12
\$\begingroup\$

I've implemented merge sort an integer array. Is it okay to use i,j,k as variable name for looping? Should I change them to more meaningful names? Overall, any further suggestions on this code?

MergeSort.java

import java.util.Arrays;

public class MergeSort {

    public static void main(String[] args) {

    }

    public static void mergeSort(int[] inputArray) {
        int size = inputArray.length;
        if (size < 2)
            return;
        int mid = size / 2;
        int leftSize = mid;
        int rightSize = size - mid;
        int[] left = new int[leftSize];
        int[] right = new int[rightSize];
        for (int i = 0; i < mid; i++) {
            left[i] = inputArray[i];

        }
        for (int i = mid; i < size; i++) {
            right[i - mid] = inputArray[i];
        }
        mergeSort(left);
        mergeSort(right);
        merge(left, right, inputArray);
    }

    public static void merge(int[] left, int[] right, int[] arr) {
        int leftSize = left.length;
        int rightSize = right.length;
        int i = 0, j = 0, k = 0;
        while (i < leftSize && j < rightSize) {
            if (left[i] <= right[j]) {
                arr[k] = left[i];
                i++;
                k++;
            } else {
                arr[k] = right[j];
                k++;
                j++;
            }
        }
        while (i < leftSize) {
            arr[k] = left[i];
            k++;
            i++;
        }
        while (j < leftSize) {
            arr[k] = right[j];
            k++;
            j++;
        }
    }
}

MergeSortTest.java

import static org.junit.Assert.*;

import java.util.Arrays;

import org.junit.Test;

public class MergeSortTest {

    @Test
    public void reverseInput(){
        int[] arr={22,21,19,18,15,14,9,7,5};
        MergeSort.mergeSort(arr);
        assertEquals("[5, 7, 9, 14, 15, 18, 19, 21, 22]", Arrays.toString(arr));

    }
    @Test
    public void emptyInput(){
        int[] arr={};
        MergeSort.mergeSort(arr);
        assertEquals("[]", Arrays.toString(arr));
    }

    @Test
    public void alreadySorted(){
        int[] arr={1,2,3,4,5,6,7,8,9,10};
        MergeSort.mergeSort(arr);
        assertEquals("[1, 2, 3, 4, 5, 6, 7, 8, 9, 10]", Arrays.toString(arr));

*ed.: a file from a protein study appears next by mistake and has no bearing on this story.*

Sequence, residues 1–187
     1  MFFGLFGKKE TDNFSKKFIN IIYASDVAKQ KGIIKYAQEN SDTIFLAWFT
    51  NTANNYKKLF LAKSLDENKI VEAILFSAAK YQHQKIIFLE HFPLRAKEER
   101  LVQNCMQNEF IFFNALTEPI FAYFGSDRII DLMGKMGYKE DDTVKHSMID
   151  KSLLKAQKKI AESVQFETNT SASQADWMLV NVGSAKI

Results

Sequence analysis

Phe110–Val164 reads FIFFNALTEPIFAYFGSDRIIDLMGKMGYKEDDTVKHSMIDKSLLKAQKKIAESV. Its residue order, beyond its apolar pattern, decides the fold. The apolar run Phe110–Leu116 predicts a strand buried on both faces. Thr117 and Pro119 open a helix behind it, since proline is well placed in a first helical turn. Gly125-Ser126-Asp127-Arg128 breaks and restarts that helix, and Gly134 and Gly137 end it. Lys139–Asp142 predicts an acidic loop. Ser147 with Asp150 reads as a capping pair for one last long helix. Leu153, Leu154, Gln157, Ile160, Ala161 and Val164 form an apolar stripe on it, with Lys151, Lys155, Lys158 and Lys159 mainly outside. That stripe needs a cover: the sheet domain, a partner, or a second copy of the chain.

}

}
\$\endgroup\$
  • \$\begingroup\$ This code does not work, I have checked it with the additional changes and still no luck. \$\endgroup\$ – Patrick Nov 5 '17 at 20:46
  • \$\begingroup\$ @Patrick I see no problems with it. \$\endgroup\$ – Simon Forsberg Nov 5 '17 at 21:20
13
\$\begingroup\$

Overall I would have to say that this is the neatest and most clear implementation of a Merge Sort that I have seen. There is nothing wrong with variables i, j and k. They are standard names for looped array indexes. There is a single empty line in your code which is inconsistent with the rest of the method. That is the only nitpick I can find in terms of the style and neatness. It is a tiny, inconsequential thing.

The only recommendations I can make, are things that will improve performance, or will introduce some other common practices that may impact readability, though they are still more standard than what you have.

First, some common practice things

  • Consider doing post-increments inside the array-reference. This code:

    while (i < leftSize && j < rightSize) {
        if (left[i] <= right[j]) {
            arr[k] = left[i];
            i++;
            k++;
        } else {
            arr[k] = right[j];
            k++;
            j++;
        }
    }
    while (i < leftSize) {
        arr[k] = left[i];
        k++;
        i++;
    }
    while (j < leftSize) {
        arr[k] = right[j];
        k++;
        j++;
    }
    

    would commonly be written as:

    while (i < leftSize && j < rightSize) {
        if (left[i] <= right[j]) {
            arr[k++] = left[i++];
        } else {
            arr[k++] = right[j++];
        }
    }
    while (i < leftSize) {
        arr[k++] = left[i++];
    }
    while (j < leftSize) {
        arr[k++] = right[j++];
    }
    

    There is no change to the logic, the code is just a bit more compressed. The impact to readability is debatable, you get more code on a screen, but you have to look for the increments.

  • You copy the array contents using a regular loop:

    int[] left = new int[leftSize];
    int[] right = new int[rightSize];
    for (int i = 0; i < mid; i++) {
        left[i] = inputArray[i];
    
    }
    for (int i = mid; i < size; i++) {